Long-Term Care FAQs
- What is long-term care?
- What does long-term care insurance cover?
- What is not covered?
- What are long-term care services?
- What do long-term care services cost?
- How long can I collect benefits?
- How much will an insurance plan pay?
- When will benefits be available under a plan?
- What is Medicaid?
- Will Medicare cover long-term care costs?
- What other options are available to finance long-term care?
- What is a long-term partnership policy?
- Who should buy long-term care insurance?
- What should I keep in mind when considering a long-term insurance policy?
- What should be included in my policy?
- Questions to ask your agent about long-term care insurance?
- If I buy a long-term care insurance policy, can the company increase the policy's premium before I need it?
- Why plan now?
- How can I find out if the company I'm considering for my long-term care insurance is reputable?
Long-term care is the kind of help you need if you are unable to care for yourself because of prolonged illness or disability. It can range from help with daily activities at home, such as bathing and dressing, to skilled nursing care in a nursing home.
Long-term care insurance helps pay for a variety of supportive services that assist people with health or personal care that might result from a chronic disease, serious accident, sudden illness, or cognitive impairment such as Alzheimer’s disease. Long-term care services are different from traditional medical care because their focus is not necessarily to improve the medical condition of an individual, but to maintain the individual’s quality of life.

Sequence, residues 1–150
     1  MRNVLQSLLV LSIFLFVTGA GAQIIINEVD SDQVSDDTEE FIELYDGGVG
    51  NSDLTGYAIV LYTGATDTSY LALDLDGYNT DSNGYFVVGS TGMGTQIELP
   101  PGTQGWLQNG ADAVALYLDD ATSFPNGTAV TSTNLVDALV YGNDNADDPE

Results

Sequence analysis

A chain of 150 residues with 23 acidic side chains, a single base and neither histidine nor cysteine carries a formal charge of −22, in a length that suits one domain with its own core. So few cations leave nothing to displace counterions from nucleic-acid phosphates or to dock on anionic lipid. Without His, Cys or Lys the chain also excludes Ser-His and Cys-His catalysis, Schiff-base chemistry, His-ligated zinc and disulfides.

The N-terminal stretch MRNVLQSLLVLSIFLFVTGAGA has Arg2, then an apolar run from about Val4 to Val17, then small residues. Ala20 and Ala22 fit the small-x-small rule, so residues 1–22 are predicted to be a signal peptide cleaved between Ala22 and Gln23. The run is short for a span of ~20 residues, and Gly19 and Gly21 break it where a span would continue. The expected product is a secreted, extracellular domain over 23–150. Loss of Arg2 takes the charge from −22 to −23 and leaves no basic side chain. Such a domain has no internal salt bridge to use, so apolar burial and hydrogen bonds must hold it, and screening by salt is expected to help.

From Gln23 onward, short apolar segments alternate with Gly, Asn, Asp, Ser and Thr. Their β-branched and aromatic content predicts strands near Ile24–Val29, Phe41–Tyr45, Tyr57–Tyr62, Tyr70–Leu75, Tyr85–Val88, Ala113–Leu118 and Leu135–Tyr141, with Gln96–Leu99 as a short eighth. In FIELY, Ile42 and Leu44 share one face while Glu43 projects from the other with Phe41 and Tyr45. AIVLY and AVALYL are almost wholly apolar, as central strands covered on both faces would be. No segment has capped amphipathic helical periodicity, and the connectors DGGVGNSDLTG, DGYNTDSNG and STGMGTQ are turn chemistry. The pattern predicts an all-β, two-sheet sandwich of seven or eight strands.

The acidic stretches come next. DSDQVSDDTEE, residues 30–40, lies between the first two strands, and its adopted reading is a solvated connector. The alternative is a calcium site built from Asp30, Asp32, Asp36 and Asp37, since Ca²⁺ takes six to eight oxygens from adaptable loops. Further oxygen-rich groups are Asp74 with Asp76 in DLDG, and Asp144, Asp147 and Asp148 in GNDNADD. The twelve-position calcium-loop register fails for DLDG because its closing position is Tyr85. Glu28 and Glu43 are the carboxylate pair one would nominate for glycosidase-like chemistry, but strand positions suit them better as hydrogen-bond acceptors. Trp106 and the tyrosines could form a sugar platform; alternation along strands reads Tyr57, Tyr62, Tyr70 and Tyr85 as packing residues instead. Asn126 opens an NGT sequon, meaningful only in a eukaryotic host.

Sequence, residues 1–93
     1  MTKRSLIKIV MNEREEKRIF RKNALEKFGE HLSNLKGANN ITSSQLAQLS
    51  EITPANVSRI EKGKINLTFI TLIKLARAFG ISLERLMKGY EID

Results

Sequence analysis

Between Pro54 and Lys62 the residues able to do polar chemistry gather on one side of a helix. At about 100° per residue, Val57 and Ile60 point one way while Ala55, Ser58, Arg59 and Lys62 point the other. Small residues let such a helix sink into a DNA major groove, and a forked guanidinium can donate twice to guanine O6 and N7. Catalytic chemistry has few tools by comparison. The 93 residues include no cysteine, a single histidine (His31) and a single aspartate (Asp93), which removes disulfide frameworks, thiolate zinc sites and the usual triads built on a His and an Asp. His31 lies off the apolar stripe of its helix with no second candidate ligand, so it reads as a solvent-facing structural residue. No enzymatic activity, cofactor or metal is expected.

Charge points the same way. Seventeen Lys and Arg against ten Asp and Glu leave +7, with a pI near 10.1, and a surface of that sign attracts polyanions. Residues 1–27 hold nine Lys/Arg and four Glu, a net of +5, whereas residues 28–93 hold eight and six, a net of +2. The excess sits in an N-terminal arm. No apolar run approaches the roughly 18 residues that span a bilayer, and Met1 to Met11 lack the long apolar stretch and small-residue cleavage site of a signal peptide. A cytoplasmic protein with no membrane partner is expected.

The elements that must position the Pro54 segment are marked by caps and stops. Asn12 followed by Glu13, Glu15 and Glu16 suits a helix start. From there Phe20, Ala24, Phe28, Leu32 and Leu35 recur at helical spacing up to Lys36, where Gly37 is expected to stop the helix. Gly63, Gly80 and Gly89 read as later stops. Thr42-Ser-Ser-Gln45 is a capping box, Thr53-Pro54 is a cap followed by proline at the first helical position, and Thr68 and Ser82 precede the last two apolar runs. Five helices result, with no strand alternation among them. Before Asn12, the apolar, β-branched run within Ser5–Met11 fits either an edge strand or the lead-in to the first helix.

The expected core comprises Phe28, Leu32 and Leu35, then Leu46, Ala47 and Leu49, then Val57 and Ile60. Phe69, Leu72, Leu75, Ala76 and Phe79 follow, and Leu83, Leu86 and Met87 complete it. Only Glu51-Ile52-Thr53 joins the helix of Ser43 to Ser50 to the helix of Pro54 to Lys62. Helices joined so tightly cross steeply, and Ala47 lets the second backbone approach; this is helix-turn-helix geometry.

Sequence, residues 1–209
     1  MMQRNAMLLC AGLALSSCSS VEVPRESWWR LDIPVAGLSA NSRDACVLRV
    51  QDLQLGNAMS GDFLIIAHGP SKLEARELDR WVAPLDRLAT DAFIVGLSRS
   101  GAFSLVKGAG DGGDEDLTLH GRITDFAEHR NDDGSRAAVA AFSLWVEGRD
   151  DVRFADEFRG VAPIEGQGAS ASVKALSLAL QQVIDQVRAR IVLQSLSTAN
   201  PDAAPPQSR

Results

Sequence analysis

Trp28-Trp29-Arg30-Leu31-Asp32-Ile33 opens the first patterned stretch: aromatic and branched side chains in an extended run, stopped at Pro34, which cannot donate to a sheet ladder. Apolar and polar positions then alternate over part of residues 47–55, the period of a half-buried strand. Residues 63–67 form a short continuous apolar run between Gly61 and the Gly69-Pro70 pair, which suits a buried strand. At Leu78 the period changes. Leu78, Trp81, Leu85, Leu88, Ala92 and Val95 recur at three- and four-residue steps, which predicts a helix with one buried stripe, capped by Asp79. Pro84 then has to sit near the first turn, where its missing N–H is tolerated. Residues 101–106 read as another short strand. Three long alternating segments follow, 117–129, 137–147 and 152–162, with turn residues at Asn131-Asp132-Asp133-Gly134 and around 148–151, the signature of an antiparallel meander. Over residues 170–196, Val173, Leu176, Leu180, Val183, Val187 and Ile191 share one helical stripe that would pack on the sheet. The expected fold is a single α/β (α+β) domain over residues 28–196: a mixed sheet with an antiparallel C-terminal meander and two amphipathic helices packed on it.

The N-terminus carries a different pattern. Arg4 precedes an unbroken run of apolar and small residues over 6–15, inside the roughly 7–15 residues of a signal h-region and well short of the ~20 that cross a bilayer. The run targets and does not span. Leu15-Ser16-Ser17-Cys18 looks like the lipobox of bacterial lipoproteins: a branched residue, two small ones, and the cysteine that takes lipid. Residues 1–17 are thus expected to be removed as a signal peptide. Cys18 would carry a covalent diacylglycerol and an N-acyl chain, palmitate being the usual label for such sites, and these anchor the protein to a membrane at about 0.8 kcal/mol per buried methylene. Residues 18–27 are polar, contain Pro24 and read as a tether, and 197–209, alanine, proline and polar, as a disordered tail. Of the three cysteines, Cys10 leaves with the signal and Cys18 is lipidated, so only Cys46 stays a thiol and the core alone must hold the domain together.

Long-term care services may be provided by a health care professional such as a nurse, a home health aide, or other personal care provider. Varying amounts and levels of care can take place in a variety of locations. This can range from a few hours of care per week in one’s home to around-the-clock care in a nursing facility.
Medicare and other types of health insurance generally do not cover long-term care. Long-term care insurance policies vary greatly in the amount and scope of services they cover and the settings in which services are delivered.
All policies contain limitations and exclusions. Some exclude coverage for pre-existing conditions for a period of six months. Many policies will not cover long-term care provided by family members.
There are many different services that fall under long-term care, such as institutional care like nursing facilities or non-institutional care such as home health care. Click here to learn more about the services associated with long-term care.